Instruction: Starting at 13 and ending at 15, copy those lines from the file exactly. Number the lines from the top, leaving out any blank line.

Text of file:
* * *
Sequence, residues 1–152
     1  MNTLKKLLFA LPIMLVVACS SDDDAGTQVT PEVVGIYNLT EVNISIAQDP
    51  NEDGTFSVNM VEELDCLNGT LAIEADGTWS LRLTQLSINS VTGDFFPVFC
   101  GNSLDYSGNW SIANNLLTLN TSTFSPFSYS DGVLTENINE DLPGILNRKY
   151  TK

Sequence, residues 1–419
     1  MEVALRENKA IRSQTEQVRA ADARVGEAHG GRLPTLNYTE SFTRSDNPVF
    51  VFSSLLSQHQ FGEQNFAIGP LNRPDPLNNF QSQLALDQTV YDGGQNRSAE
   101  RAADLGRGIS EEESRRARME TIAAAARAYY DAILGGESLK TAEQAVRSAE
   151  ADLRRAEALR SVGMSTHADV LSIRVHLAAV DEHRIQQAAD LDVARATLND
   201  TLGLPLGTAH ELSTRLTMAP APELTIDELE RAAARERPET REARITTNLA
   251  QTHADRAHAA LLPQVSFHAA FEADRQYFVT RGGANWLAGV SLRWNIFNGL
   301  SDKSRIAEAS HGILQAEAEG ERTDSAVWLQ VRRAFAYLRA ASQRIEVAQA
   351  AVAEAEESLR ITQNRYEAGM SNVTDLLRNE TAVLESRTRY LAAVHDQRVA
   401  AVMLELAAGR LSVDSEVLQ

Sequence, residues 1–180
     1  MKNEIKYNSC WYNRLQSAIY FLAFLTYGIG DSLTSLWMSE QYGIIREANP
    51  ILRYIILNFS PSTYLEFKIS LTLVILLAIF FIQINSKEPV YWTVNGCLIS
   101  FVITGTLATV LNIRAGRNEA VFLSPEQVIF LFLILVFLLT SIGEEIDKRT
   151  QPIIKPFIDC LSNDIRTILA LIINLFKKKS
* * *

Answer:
   301  SDKSRIAEAS HGILQAEAEG ERTDSAVWLQ VRRAFAYLRA ASQRIEVAQA
   351  AVAEAEESLR ITQNRYEAGM SNVTDLLRNE TAVLESRTRY LAAVHDQRVA
   401  AVMLELAAGR LSVDSEVLQ